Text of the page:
As a post-secondary studio teacher of violists, my ultimate goal is to help them move seamlessly into successful graduate studies, performing careers, and teaching careers. While I keep these goals in mind in my day-to-day teaching, I am confident that students learn best when I help them adhere to three main tenets in their playing: playing their instrument should be a source of joy, physically comfortable, and a medium through which one expresses a singular creative voice . When I guide students to commit to these ideas, they increase their learning capacity in two ways: they gain a manageable and clear focus, and they expand their concept of what will make them great violists and musicians.
The sentiment that “playing should bring them joy” does not assume that every moment a student spends with her instrument is enjoyable; rather, I encourage the student to find the aspect of playing that is most joyful for herself, and seek to imbue every aspect of music-making with that joy. For myself, the act of performing always brings some thrill. When I approach demonstrating in a lesson with the same excitement I would bring to a performance, my point is clearer and more convincing to a student. I also make an active effort in my practicing to achieve some of the exhilaration and spirit of a live performance. Conversely, students who love practicing but fear performing need encouragement to approach a performance with a one-step-at-a-time mentality: the recital is but a single measure in the process of learning a piece. I strive to help students develop practice methods that are self-aware and positive, rather than solely relying on negative personal feedback and rote drilling of passagework.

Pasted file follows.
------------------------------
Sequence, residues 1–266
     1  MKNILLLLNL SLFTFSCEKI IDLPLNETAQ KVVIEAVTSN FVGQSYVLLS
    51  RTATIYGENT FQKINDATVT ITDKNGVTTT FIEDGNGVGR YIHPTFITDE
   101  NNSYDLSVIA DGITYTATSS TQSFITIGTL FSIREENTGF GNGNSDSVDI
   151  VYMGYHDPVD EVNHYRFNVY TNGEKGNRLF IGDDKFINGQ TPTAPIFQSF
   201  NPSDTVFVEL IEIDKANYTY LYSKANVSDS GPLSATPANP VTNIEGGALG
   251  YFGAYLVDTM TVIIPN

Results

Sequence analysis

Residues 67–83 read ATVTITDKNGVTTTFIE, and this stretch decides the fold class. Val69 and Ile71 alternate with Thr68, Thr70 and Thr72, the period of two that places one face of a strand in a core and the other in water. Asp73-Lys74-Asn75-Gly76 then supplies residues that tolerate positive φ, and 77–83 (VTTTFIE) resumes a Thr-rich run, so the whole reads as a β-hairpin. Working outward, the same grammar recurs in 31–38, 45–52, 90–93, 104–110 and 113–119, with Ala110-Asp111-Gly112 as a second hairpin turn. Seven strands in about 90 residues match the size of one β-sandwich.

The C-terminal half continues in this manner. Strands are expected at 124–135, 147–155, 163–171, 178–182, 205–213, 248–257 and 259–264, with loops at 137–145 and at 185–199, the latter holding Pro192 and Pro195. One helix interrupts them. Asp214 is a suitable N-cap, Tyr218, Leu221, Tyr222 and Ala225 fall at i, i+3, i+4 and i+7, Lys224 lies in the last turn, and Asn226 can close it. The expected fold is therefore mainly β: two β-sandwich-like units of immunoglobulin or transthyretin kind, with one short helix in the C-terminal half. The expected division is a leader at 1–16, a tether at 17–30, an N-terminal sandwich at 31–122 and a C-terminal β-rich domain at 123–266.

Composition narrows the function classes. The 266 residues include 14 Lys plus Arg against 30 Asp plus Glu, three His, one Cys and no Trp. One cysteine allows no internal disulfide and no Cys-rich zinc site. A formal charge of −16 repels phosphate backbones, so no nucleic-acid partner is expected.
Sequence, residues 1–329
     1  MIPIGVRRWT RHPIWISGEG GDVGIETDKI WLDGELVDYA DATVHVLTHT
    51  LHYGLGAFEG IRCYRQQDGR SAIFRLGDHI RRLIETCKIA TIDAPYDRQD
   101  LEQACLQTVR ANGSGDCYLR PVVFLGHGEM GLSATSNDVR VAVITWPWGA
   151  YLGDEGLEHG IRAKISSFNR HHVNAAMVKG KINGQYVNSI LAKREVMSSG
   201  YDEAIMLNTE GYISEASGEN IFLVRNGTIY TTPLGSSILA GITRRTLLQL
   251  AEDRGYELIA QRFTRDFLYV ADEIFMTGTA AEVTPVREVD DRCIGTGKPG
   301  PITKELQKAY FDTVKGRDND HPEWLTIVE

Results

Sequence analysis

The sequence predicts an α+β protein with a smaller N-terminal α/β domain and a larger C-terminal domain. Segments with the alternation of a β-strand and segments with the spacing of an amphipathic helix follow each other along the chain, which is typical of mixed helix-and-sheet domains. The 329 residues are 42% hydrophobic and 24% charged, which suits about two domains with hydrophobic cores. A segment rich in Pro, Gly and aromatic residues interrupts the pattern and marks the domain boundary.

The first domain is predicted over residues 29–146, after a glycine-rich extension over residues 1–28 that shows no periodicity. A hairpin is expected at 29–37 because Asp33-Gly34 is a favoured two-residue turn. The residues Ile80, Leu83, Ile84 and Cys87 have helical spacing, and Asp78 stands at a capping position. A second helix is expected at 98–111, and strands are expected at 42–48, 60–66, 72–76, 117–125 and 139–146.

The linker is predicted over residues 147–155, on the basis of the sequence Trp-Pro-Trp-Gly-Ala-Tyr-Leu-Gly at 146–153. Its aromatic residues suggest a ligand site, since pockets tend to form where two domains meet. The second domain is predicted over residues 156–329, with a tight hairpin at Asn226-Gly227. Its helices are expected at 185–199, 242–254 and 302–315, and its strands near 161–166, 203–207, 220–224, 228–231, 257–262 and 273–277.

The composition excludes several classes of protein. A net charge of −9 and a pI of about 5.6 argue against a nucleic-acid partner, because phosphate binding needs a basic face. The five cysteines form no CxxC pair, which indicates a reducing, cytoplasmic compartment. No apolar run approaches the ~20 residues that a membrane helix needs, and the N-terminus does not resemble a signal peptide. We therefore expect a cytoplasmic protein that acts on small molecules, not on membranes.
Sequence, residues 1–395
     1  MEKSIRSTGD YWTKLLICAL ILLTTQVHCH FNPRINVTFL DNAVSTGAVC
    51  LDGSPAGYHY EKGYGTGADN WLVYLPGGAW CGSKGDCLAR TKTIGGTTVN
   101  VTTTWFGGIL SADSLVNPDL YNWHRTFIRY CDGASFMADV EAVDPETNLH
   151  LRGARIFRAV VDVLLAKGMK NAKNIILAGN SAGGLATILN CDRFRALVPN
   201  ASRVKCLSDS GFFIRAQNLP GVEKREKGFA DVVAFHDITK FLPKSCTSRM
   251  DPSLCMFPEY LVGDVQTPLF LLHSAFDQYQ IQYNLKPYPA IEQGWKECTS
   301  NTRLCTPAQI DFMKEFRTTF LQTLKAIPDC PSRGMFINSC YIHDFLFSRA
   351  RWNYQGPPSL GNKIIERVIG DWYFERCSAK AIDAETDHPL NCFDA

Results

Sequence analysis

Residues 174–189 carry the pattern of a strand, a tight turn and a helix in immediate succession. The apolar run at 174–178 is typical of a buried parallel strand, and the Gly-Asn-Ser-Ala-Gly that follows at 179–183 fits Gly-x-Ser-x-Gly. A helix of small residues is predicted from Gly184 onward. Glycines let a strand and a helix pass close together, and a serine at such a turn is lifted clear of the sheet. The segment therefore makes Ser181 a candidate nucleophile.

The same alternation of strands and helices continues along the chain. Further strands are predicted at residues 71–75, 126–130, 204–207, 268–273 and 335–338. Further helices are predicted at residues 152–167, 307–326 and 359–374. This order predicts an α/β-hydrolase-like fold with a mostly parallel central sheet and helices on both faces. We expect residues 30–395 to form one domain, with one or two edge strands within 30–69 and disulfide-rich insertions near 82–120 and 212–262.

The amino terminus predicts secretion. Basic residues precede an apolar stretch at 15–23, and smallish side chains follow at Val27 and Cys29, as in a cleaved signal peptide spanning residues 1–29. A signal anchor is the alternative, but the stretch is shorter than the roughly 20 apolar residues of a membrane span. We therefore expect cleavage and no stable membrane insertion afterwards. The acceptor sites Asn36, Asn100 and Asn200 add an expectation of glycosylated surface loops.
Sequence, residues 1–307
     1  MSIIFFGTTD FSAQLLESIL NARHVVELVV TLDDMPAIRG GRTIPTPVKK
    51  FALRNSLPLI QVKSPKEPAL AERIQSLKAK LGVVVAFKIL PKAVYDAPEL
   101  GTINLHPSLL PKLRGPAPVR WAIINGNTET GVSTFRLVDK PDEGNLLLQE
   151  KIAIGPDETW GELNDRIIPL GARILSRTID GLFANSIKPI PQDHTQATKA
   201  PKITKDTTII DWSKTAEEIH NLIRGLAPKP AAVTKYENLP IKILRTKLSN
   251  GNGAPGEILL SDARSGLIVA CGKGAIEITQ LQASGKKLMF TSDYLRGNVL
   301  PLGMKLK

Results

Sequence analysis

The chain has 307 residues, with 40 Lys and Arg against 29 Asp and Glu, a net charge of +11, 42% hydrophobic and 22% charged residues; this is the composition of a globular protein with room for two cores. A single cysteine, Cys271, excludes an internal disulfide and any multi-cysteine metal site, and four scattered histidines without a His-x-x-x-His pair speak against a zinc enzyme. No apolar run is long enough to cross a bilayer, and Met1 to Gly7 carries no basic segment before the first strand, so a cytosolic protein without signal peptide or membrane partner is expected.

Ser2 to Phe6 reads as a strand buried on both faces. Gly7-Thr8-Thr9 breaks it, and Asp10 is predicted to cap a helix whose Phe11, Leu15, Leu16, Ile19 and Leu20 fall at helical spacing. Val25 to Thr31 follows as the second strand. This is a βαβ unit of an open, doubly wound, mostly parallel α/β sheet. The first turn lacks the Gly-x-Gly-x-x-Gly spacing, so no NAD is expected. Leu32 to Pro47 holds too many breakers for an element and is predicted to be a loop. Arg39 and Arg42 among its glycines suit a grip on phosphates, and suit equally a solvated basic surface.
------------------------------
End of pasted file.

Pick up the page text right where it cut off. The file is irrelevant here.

In my first lessons with a student, I aim to learn more about his background, gain a preliminary sense of trust, and assess his practice habits. Most classical musicians started playing their instruments almost as early as the age of their first memories, and these early years lay the foundation for later attitudes about music and practicing. With varying degrees of personal and parental motivation, practicing becomes a central part of young students’ lives: whether he practices hours each day or only opens his case on a lesson day, the idea of practicing is never far from his mind. As someone whose parents were supportive but not to the point of forced practicing, I was an inconsistent practicer at best. I am grateful for the encouragement to explore many possible roads, but I later realized it took many years to develop the basic desire to practice daily. It then took many more years for me to make the connection between intelligent practice habits and successful performances; now, when I practice, the image of an exhilarating recital is a helpful enticement. By guiding students to find and focus on their strengths, and to discover how preparation and practicing can utilize and highlight these strengths, I can help them find their own joy in playing viola.